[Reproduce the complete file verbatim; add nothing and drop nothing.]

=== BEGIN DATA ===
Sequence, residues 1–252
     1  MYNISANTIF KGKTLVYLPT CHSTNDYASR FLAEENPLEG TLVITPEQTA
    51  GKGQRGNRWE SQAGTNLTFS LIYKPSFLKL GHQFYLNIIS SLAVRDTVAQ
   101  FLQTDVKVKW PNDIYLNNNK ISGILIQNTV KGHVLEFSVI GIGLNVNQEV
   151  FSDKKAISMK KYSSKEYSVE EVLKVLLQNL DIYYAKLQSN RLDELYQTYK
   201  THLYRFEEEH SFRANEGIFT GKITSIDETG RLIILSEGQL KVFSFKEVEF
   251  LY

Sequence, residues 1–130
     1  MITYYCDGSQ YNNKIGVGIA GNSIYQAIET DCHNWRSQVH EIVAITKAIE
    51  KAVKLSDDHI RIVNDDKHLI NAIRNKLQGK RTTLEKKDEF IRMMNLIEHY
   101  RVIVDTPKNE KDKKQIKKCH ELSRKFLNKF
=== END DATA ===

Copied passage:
Sequence, residues 1–252
     1  MYNISANTIF KGKTLVYLPT CHSTNDYASR FLAEENPLEG TLVITPEQTA
    51  GKGQRGNRWE SQAGTNLTFS LIYKPSFLKL GHQFYLNIIS SLAVRDTVAQ
   101  FLQTDVKVKW PNDIYLNNNK ISGILIQNTV KGHVLEFSVI GIGLNVNQEV
   151  FSDKKAISMK KYSSKEYSVE EVLKVLLQNL DIYYAKLQSN RLDELYQTYK
   201  THLYRFEEEH SFRANEGIFT GKITSIDETG RLIILSEGQL KVFSFKEVEF
   251  LY

Sequence, residues 1–130
     1  MITYYCDGSQ YNNKIGVGIA GNSIYQAIET DCHNWRSQVH EIVAITKAIE
    51  KAVKLSDDHI RIVNDDKHLI NAIRNKLQGK RTTLEKKDEF IRMMNLIEHY
   101  RVIVDTPKNE KDKKQIKKCH ELSRKFLNKF